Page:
Local coaches pay tributes to the Class of 2020
By Ross Forman – Memories from the 2019-20 Illinois High School Hockey Season will last forever, even though the final weeks of the season came to an abrupt end when the world was, to put it mildly, turned upside down by the coronavirus pandemic.
Especially for seniors – on and off the ice. No state champions. No post-season banquets to honor the graduates. No prom. No spring sports, such as baseball or lacrosse – two that traditionally have been the post-hockey season sport-of-choice for many. No true goodbyes. No senior breakfast, or other school tradition. And, of course, no formal graduation.
But the Illinois Hockey Community has not forgotten the Senior Class of 2020.
“One of the lessons the game of hockey and sports in general teaches us is to control what you can control,” and the pandemic impact was out of your control, said Saint Viator head coach Tim Benz. “In this circumstance, you can control how you spend time with family and friends. Make the most of it while you can, and when we return to normalcy, ensure that you have some stories or moments to talk about.”
Jason Hawkins, head coach for co-op Glenbard, added: “I hope the seniors can look back at their entire high school career and remember all the great memories and friends they made.”
Glenbard, with the No. 4 seed, would have faced No. 1 Maine Township in a Combined Division state semi-final. Glenbard had already scored state tournament wins over Libertyville and Wheaton West.
“Not many players get to end their high school career with a win, (but) our seniors did,” Hawkins said. “At the time, we didn’t know that would be our last game, but an overtime shorthanded goal (against Wheaton West) was sure an exciting final moment of the season.”
As the saying goes, “Play every game like it’s your last,” Hawkins added.
How true, particularly this past season.
“The seniors … they all should be proud of what they accomplished,” Hawkins said. “Thank you, seniors, for providing so many great memories that your coaches, parents, fans, and teammates will never forget.”
Hockey, it often is said, is the perfect training ground for the real world. And this spring has been one of the most challenging ever.
Phil Gabrielsen, the Varsity Black Head Coach/Director of Hockey for the co-op Fox Valley Hawks, had a simple word for the state’s seniors: “You will do great, keep positive and motivated to achieve great things.”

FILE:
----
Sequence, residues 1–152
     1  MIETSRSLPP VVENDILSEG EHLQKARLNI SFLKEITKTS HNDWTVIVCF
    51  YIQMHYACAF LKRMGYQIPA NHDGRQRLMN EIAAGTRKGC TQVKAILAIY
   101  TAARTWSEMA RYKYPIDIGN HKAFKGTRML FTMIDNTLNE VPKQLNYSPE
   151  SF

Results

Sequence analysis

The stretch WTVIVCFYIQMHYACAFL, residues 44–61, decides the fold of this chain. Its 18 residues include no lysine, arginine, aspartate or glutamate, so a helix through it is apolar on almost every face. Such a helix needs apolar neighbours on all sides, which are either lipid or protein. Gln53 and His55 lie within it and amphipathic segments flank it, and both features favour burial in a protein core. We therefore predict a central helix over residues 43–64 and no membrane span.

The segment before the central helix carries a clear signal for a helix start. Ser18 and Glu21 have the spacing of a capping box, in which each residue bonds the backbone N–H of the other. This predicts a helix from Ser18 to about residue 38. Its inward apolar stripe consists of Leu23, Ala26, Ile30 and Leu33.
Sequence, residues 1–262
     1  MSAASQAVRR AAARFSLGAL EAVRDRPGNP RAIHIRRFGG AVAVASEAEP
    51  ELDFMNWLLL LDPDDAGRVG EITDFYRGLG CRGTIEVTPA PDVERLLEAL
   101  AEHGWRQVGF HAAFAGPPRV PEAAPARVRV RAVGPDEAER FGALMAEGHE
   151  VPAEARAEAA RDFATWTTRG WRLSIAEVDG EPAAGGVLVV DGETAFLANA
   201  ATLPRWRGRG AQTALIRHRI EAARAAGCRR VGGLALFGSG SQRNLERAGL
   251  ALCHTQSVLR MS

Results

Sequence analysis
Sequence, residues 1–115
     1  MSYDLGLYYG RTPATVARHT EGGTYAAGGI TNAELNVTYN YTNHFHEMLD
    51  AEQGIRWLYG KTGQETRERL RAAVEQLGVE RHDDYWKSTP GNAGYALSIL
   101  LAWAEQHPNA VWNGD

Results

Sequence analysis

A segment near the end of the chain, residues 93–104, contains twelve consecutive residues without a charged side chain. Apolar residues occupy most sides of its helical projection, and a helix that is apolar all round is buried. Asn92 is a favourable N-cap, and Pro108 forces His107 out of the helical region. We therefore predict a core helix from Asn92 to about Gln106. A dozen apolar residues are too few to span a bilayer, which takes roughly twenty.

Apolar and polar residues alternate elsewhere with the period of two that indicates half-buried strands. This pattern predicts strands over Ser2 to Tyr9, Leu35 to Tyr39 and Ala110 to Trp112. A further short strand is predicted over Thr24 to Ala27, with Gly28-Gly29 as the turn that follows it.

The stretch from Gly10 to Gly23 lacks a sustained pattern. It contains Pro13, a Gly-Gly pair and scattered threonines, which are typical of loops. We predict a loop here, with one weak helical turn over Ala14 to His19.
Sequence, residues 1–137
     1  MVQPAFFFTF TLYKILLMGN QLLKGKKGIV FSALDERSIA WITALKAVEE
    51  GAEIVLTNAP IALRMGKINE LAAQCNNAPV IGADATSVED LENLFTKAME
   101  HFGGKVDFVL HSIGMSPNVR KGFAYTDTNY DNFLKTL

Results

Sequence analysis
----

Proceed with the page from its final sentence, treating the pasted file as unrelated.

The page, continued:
Fox Valley had been eliminated by Leyden, 3-0, in the state tournament.
“I spoke to the seniors at our last game; I thanked them for the season and for their commitment to the (program), whether it was for 1-year or all 4-years. They all had a big part in the current success of the Fox Valley Hawks program,” Gabrielsen said. “We had a group of seniors that spent all 4 years together and it was great to see them have fun this season and achieve success on and off the ice.”
For all the seniors across Illinois ice, Gabrielsen said, “Use the lessons you learned as a hockey player as you continue to pursue your dreams.”
Evan Poulakidas, head coach for the No. 2-ranked Glenbrook North Spartans, sent a group text to all his players after the season was abruptly ended. He followed that with an individual text to his seniors.
The tears were nonstop from Poulakidas, whose Spartans were set for a semifinal battle with their arch-rival, Glenbrook South – and the winner then would skate at the United Center against either No. 1-ranked New Trier Green or No. 4 Barrington for the Red Division title.
“Spartans,” Poulakidas wrote in his team text. “I am sorry we cannot finish our journey together. You have played magnificently and have earned a place with the other great teams in GBN hockey history. Remember this year with great fondness. You were a close team that enjoyed each other greatly. I will think of this team often, you left soooo many great memories. The coaching staff thanks each and every one of you for your contribution, dedication and commitment. You will be Spartans forever. With Great Respect, Coach Evan.”
Poulakidas said the 2020 seniors of Illinois hockey “elevated high school hockey to another level.”
Poulakidas added: “Take the lessons learned on the ice to your life: commitment, discipline, team-work, and failure with the will to try again. Those lessons are vital to success. There are no short cuts; choose not to be ordinary.”